Marcella's Magic

A Documentary About Legendary Cookbook Author Marcella Hazan Is in the Works

Hazan's fascinating life story is set to be documented in a new film, if the director can raise the necessary funds.

By Cooper Levey-Baker July 20, 2021

Marcella Hazan in a grocery store.

Sometime in 2018, documentary filmmaker Peter Miller, who lives in Manhattan, purchased some nettles at his local farmers' market and, with his wife, set about making ravioli with them. They were using a recipe written by Marcella Hazan, the legendary Italian cookbook author and instructor who lived on Longboat Key from 1999 until she died in 2013.

In the 1990s, Miller and his wife attended one of Hazan's popular cooking classes, in Connecticut, and for years had been cooking her dishes. Often, when presented with an ingredient, or stumped by a dish, they would ask each other, "What does Marcella say?" Or, "What would Marcella do?"

That day in 2018, while making ravioli, Miller asked a different question.

Marcella Hazan in her kitchen in Venice, Italy, in 1989.

"An hour or so into this process, rolling dough, stuffing ravioli, I looked at my wife and said, 'Has anyone ever made a documentary about Marcella?'" says Miller.

The answer was no, and that set Miller off on a quest to tell Hazan's story. He contacted Hazan's son, Giuliano Hazan, a celebrated cookbook author in his own right, and her husband, Victor Hazan, who still lives on Longboat Key. Victor sat for an extended interview in New York, and shared hundreds of photographs and video clips of Hazan with the filmmaker, who has made documentaries about subjects as diverse as the lives Nicola Sacco and Bartolomeo Vanzetti and the history of the egg cream.

Marcella Hazan at age 6.

Three years later, the Hazan project, titled simply Marcella, remains unfinished, but Miller has compiled a 10-minute sample reel that showcases some of the material and is asking for financial help to complete the project.

The story of Hazan's life is extraordinary. Born in 1924 in Cesenatico, a small town on the Adriatic Sea, she was educated as a scientist and wanted to become a teacher. Victor came from the nearby town of Cesena, but spent the years of World War II in New York, with his family. When he returned to Italy after the war, he visited Cesenatico, and a cousin asked him if he would like to meet some girls.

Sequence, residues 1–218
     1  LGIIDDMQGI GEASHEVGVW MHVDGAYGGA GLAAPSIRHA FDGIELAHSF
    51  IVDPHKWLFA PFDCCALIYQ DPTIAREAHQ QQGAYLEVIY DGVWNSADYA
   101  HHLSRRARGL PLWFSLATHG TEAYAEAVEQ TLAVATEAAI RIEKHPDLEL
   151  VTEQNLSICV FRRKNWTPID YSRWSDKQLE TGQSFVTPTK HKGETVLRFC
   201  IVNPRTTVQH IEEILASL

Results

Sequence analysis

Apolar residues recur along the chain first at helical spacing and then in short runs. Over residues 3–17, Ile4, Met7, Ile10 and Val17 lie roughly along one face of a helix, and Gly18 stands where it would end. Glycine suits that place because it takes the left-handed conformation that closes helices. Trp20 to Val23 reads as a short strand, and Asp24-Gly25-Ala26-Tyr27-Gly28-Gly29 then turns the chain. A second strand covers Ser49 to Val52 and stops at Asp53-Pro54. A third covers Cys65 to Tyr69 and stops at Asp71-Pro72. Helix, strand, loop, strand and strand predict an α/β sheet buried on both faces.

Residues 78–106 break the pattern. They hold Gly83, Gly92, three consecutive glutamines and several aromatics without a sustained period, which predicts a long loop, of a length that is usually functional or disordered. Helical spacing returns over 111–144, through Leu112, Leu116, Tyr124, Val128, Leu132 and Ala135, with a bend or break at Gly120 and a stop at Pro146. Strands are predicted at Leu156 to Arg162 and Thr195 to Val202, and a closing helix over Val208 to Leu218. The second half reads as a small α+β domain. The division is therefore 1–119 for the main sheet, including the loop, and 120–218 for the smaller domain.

Marcella and Victor Hazan.

"The first girl he introduced me to was Marcella," says Victor, now 93. "It was a lightning bolt. I could think of no one else afterward."

The two married two years later, and Hazan followed Victor to New York, then Milan, Rome and back to New York. Hazan had always enjoyed food, but didn't cook much until she found herself uprooted from her surroundings and living in an America where even basic Italian products like extra virgin olive oil and balsamic vinegar were tough to come by.

Marcella and Victor Hazan.

Image: Barbara Banks

Eventually, Hazan began teaching Italian cooking classes and writing cookbooks that remain standards of the genre today. It's no exaggeration to say that she revolutionized Americans' understanding of Italian cuisine. Her recipes are direct, easy to follow and the opposite of flashy. Her three-ingredient tomato sauce, her "Chicken With Two Lemons" and her pork loin braised in milk are all simple—and magnificent.

"Within a short time, she took possession of the whole Italian culinary canon and recast it," says Victor. "It was nothing less than an act of genius."

Victor Hazan and filmmaker Peter Miller in New York.

In her later years, Hazan taught cooking classes in a Venetian palazzo where she and Victor lived. But as she grew older, her health made it difficult to navigate the alleys, bridges and stairs of Venice. The couple moved to Longboat Key to be closer to Giuliano, who had relocated to the area.

"She's a fascinating person and her story really matters," says Miller. "The way she transformed the way we look at food is a huge and wonderful development for making the world a better place." Miller estimates that he needs roughly $200,000 to complete the film. He is partnering with the International Documentary Association, a nonprofit, to raise money for the project.

"I want people to know what she was like," says Victor. "There will be a living image of Marcella, and I'm hoping that what emerges is the extraordinary achievements of this woman."

You can watch the Marcella sample reel here:

To make a tax-deductible cotribution to the project, click here.

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